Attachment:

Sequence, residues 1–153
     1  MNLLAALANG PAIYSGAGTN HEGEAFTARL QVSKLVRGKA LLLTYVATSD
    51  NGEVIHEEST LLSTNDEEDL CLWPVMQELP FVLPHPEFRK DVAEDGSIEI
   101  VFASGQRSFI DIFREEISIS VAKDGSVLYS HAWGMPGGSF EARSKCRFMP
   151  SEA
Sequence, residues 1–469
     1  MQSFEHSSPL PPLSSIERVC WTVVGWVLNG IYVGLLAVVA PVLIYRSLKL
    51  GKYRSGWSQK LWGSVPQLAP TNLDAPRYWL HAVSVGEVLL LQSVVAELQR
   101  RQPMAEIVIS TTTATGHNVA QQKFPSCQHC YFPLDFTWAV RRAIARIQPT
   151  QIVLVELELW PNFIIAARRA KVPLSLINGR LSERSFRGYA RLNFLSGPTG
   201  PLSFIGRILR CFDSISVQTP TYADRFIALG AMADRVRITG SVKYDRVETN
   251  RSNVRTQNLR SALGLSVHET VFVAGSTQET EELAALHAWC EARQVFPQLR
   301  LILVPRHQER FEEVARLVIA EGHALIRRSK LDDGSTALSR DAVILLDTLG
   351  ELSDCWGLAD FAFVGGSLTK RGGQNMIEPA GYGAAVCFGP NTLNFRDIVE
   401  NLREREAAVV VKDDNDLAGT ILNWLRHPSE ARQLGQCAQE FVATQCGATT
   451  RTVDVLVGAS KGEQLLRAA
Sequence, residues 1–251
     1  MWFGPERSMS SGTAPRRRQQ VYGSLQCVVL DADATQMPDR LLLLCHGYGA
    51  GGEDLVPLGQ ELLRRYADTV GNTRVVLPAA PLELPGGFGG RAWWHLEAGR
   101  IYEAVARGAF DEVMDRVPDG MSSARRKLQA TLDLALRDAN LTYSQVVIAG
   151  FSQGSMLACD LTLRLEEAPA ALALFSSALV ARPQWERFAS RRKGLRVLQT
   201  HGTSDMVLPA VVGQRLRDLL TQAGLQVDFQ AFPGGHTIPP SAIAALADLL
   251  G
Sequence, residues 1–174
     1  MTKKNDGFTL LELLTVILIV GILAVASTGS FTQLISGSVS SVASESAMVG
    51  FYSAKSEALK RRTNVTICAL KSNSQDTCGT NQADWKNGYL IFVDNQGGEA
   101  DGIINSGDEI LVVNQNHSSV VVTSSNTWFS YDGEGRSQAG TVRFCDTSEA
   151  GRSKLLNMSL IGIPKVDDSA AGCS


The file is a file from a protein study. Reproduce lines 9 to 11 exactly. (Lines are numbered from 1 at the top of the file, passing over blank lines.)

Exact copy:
   101  RQPMAEIVIS TTTATGHNVA QQKFPSCQHC YFPLDFTWAV RRAIARIQPT
   151  QIVLVELELW PNFIIAARRA KVPLSLINGR LSERSFRGYA RLNFLSGPTG
   201  PLSFIGRILR CFDSISVQTP TYADRFIALG AMADRVRITG SVKYDRVETN